Agenda Item 17
December 14,2010
Action
MEMORANDUM
TO:
FROM:
SUBJECT:
County Council
D
Impasse
Robert H. Drummer, Senior Legislative
Attorney~/
Action:
Expedited Bill 57-10, Personnel- Collective Bargaining
Procedures
Government Operations Committee recommendation (3-0): enact the Bill with
amendments.
Expedited Bill 57-10, Collective Bargaining Impasse Procedures, sponsored by Council
Vice President Ervin, Council President Floreen, and Councilmembers Andrews, Berliner,
Eirich, Knapp, Navarro, Trachtenberg, and Leventhal, was introduced on November 23,2010. A
public hearing was held on December 7, 2010 followed later that afternoon by a Government
Operations Committee worksession.
Background
Interest arbitration is a method of resolving disputes over the terms and conditions of a
new collective bargaining agreement. Grievance arbitration is a method of resolving disputes
over the interpretation or application of an existing collective bargaining contract. County
Charter §510 requires the Council to enact a collective bargaining law for police officers that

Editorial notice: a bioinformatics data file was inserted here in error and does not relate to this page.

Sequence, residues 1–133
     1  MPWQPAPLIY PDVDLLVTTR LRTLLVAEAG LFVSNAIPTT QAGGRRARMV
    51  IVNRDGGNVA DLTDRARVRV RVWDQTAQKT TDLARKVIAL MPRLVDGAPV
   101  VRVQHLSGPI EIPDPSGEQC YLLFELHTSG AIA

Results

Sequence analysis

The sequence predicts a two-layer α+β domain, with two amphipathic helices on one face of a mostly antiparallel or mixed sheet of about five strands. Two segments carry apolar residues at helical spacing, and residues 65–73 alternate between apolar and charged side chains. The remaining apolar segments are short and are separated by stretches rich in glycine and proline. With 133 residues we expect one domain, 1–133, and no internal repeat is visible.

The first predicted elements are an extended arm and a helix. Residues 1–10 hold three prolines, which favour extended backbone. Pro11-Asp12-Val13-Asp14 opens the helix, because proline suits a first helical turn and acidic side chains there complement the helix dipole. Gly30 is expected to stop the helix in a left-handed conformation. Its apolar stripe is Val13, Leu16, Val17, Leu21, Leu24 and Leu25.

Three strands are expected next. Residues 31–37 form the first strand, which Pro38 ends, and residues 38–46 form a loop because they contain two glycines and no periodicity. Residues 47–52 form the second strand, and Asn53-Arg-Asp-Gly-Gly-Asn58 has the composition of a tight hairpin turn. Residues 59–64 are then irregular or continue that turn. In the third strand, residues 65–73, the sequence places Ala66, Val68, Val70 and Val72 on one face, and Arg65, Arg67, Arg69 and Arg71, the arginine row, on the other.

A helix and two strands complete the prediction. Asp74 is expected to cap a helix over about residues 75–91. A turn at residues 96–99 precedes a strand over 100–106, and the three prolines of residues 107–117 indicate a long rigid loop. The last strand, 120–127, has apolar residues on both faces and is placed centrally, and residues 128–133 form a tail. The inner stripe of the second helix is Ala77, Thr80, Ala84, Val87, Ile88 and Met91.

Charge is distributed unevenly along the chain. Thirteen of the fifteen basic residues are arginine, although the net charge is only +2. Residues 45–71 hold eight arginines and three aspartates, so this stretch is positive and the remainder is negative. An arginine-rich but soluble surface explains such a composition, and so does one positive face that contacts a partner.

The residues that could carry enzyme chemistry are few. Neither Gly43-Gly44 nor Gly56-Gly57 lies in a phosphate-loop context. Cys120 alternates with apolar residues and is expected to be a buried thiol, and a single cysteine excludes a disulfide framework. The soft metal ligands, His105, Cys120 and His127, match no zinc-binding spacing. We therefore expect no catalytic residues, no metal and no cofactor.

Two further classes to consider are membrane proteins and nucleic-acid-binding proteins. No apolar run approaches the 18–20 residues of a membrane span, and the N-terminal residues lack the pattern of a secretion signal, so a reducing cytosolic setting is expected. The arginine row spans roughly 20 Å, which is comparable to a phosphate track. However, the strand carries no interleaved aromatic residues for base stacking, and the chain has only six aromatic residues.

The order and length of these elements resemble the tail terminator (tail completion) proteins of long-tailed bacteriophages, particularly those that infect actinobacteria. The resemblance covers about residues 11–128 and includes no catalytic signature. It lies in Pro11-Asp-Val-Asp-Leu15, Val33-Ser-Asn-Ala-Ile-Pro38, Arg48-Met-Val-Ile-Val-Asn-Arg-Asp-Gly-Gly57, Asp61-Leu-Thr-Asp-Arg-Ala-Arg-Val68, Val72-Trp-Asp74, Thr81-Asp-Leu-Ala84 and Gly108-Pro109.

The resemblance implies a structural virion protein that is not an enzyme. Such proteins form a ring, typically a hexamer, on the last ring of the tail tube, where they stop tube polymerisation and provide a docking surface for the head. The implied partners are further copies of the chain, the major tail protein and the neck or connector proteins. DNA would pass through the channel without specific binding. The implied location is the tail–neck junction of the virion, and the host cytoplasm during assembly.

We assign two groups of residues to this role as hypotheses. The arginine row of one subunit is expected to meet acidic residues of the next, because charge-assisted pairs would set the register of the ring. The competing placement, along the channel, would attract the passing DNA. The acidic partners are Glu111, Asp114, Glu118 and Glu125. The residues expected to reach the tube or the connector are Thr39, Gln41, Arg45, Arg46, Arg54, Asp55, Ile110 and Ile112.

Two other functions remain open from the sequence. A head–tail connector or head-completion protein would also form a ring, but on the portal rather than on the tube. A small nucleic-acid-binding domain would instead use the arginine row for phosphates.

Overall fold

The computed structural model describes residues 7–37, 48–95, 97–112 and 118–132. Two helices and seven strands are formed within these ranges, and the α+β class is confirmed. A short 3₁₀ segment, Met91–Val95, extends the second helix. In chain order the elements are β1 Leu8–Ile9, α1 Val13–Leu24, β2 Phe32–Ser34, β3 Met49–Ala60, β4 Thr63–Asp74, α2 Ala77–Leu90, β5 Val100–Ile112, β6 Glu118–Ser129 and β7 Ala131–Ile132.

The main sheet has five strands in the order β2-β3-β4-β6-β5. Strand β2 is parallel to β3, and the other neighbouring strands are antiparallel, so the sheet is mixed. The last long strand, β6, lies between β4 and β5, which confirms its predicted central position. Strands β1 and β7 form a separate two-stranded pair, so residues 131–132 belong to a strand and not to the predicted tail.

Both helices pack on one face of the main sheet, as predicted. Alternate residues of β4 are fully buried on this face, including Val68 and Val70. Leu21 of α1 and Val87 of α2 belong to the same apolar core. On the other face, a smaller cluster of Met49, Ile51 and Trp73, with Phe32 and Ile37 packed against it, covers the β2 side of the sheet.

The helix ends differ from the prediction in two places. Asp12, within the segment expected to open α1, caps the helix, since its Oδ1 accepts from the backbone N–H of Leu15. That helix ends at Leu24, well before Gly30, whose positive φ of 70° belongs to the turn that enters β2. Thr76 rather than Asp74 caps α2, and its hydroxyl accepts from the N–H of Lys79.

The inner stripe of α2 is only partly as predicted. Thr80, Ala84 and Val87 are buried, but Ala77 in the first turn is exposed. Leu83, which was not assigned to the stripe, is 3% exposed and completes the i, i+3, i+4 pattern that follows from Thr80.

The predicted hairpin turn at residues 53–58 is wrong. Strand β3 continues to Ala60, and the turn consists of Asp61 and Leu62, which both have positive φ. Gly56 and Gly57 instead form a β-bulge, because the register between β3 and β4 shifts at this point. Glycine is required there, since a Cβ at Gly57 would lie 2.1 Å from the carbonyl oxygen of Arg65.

includes interest arbitration. Charter §510A requires the same for fire fighters. Charter §511
authorizes, but does not require, the Council to enact a collective bargaining law for other
County employees that may include interest arbitration or other impasse procedures. All of these
Charter provisions require any collective bargaining law enacted by the Council to prohibit
strikes or work stoppages by County employees. The Council has enacted comprehensive
collective bargaining laws with interest arbitration for police (Chapter 33, Article V), fire
fighters (Chapter 33, Article X), and other County employees (Chapter 33, Article VII).
All 3 County collective bargaining laws require final offer by package arbitration
requiring the arbitrator to select the entire final offer covering all disputed issues submitted by
one of the parties.
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The arbitrator is a private sector labor professional jointly selected by the